Oh well, I'll drop the subject for real this time. You young people don't need to hear about old-age issues. Your time will come soon enough. In the meantime, enjoy your youth.

  6. #86
    @.~*virinaĉo*~.@ Totenkindly's Avatar
    Join Date
    Apr 2007
    MBTI
    FREE
    Enneagram
    594 sx/sp
    Socionics
    LII Ne
    Posts
    42,333

    Default

    Quote Originally Posted by YUI View Post
    What's it called? Kidsplaining--when a youngster tells an oldtimer what it's like to be old?
    I'm not William's age, but he wasn't old enough to be in my parent's age bracket either. I don't really view myself as a "youngster" or a "kid," thanks.

    My posts (and the articles that I linked) talked about age-related infirmities as one of the things that causes a male boomer to question his life and sometimes off himself as a result. And "age-related infirmities" is a eumphemism for precisely things like Parkinsons, Alzheimers, quadruple bypasses, cancer, emphysema, organ replacements, and so on and so on--the kind of debiltating stuff that turns you from "breadwinner" into "burden on the family."
    Why is this even a point of contention? It's blatantly obvious. There's a bunch of stuff that can happen as we age, and he was in his 60's. Heck, I have a relative dying of colon cancer right now, and one of my parents is dead, and have had some health issues myself that only seem to increase in severity as I age.

    I didn't know that Williams had Parkinsons, precisely. But for example I knew that he had pretty severe heart problems and took it hard. The Parkinsons would be another nail in that particular coffin. Boomer suicides are precisely about that sort of thing. Some prospect that causes their life to change suddenly: The end of youth, and the start of a colder, grayer, more dependent existence.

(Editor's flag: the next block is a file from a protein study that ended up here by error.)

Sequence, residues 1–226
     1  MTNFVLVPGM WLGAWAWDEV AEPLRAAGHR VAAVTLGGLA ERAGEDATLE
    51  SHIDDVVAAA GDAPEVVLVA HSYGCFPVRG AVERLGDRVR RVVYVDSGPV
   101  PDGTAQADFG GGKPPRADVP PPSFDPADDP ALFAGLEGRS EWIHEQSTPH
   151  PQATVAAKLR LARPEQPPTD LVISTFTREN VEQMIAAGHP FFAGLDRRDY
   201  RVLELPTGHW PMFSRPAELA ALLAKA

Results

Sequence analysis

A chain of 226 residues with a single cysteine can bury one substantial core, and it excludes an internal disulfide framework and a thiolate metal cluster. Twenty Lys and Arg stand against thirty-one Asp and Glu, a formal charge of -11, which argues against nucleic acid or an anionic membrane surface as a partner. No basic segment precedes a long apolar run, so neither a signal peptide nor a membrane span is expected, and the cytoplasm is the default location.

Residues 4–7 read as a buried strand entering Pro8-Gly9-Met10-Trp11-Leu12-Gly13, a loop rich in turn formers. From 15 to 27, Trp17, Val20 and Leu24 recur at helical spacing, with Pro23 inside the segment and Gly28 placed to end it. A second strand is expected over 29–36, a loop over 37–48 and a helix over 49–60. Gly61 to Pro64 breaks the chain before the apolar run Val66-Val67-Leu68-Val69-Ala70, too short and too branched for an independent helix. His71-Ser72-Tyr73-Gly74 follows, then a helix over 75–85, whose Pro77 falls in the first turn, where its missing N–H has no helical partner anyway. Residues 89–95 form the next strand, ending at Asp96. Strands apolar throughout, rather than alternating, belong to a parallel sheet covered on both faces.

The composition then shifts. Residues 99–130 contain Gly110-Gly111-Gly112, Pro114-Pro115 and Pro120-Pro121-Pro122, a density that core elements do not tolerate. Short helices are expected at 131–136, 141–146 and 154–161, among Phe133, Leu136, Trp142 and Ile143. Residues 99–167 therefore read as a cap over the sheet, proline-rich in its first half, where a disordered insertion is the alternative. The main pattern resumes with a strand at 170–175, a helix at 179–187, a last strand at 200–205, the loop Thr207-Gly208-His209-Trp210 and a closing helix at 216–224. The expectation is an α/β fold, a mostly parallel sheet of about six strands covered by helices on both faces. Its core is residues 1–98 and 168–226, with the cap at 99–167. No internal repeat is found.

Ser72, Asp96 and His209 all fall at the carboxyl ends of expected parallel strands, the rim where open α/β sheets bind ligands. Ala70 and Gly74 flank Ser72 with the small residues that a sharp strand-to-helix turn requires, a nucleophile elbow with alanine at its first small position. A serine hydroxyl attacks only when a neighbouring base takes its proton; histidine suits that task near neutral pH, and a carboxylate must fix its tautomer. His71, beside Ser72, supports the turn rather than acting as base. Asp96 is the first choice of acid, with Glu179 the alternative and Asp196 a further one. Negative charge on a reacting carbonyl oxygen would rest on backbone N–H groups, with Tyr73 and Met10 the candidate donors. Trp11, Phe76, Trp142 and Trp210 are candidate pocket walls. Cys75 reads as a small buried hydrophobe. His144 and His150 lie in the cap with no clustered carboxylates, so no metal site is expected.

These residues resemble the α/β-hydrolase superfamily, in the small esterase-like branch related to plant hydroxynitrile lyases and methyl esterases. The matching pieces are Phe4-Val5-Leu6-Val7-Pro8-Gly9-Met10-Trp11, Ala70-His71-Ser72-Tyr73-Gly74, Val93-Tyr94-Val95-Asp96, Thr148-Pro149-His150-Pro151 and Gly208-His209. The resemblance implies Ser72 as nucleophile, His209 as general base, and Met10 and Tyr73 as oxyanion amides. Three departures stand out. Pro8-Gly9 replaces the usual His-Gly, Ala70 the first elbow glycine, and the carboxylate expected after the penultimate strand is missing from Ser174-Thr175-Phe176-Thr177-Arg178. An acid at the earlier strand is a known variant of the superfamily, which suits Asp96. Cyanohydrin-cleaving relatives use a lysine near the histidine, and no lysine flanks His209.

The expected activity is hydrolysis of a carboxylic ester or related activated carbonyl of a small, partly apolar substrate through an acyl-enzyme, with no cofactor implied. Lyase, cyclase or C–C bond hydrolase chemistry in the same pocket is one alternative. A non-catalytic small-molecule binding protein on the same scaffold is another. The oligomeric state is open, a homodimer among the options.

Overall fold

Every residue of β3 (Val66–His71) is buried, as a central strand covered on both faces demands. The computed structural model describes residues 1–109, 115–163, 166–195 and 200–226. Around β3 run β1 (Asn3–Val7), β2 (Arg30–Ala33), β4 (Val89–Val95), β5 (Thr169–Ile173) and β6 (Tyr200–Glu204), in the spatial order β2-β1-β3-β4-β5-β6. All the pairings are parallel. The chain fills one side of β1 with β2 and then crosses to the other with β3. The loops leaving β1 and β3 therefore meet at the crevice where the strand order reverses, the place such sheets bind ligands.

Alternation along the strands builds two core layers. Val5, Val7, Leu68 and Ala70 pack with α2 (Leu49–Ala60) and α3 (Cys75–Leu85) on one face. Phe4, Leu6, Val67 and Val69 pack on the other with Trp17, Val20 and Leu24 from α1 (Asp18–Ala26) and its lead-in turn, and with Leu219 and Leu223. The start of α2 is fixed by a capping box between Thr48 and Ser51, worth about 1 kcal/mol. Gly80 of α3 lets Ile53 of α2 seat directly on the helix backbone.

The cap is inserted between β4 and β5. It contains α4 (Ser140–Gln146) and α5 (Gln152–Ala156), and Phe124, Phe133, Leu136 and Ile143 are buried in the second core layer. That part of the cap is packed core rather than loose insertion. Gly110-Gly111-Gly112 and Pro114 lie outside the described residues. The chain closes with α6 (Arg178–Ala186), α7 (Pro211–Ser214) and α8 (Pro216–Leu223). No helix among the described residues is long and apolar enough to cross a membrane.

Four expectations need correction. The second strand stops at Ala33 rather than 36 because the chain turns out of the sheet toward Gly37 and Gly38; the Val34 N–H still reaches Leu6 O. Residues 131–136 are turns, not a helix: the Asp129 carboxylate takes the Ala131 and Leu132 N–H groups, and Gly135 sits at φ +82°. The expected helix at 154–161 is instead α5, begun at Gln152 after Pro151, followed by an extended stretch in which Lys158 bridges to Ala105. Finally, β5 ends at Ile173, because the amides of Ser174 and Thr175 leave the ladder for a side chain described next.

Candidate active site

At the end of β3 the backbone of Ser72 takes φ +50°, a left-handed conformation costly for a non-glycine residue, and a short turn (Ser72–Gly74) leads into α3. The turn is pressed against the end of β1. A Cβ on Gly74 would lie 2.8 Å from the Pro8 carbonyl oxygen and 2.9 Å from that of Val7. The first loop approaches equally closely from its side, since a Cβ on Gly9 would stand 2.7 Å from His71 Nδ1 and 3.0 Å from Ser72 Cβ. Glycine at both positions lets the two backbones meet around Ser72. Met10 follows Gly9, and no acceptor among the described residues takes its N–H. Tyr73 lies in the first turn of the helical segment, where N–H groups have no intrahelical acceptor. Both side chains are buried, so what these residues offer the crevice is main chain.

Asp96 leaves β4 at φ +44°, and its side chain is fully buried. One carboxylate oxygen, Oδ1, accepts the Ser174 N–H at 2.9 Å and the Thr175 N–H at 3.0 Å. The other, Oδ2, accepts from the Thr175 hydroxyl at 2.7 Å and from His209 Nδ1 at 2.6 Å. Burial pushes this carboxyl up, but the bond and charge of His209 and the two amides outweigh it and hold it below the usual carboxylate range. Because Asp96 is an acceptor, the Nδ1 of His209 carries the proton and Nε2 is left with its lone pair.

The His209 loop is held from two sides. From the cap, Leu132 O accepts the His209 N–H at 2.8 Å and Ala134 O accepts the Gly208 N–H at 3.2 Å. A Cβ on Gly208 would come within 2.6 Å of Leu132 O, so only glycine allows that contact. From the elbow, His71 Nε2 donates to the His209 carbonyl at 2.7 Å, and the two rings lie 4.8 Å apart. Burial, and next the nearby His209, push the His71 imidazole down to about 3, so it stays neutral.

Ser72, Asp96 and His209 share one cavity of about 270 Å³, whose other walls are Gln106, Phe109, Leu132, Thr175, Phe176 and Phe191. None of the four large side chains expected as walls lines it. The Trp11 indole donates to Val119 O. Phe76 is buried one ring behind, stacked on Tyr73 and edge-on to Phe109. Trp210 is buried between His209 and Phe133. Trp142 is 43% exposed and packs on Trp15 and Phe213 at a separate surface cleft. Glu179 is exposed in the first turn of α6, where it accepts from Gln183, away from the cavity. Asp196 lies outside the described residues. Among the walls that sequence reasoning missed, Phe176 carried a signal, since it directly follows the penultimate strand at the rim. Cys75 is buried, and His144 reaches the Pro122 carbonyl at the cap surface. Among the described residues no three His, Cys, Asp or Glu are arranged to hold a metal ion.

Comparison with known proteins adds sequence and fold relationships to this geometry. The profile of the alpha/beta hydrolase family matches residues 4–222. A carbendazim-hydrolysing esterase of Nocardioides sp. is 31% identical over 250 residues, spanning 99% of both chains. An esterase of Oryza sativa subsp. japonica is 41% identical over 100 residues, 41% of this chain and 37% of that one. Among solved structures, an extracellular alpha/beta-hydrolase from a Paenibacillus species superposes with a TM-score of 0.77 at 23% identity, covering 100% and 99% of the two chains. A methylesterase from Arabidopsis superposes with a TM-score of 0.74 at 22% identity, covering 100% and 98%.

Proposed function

Certainly that's going to be part of it -- but it's the generalized part that every person experiences. I was making the point that Parkinson's is pretty much an Achilles heel style of infirmity for him, in addition to whatever other "old timer" infirmities you'd like to trot out. For me, ever since I started having memory issues ten years ago, I've had to wonder how I would face losing my ability to think clearly / make mental connections, or how I would take physical infirmities that impact my ability to play music -- because those things are of special importance to me and things I have built my identity around. Yes, I might get diabetes or have heart congestion, and those things would also impact quality of life, but they wouldn't hit me in the place where I have my IDENTITY constructed. Kind of like Mencken getting aphasia... for a bricklayer, maybe not a big deal, but for a writer with sharp wit?

    Anyway, what did you think I was talking about--the onset of baldness or gray hair causing boomers to commit suicide? C'mon, the boomers aren't *that* vain.
    humor or pretension -- you make the call.

    That's precisely what I meant when I spoke of a "stripping-away and letting-go."

    Maybe you're not understanding what I said because I was talking in generalities and not identifying specific illnesses or financial problems or whatever. But at least in my own mind, I was talking about precisely the kinds of things you brought up in these latest posts.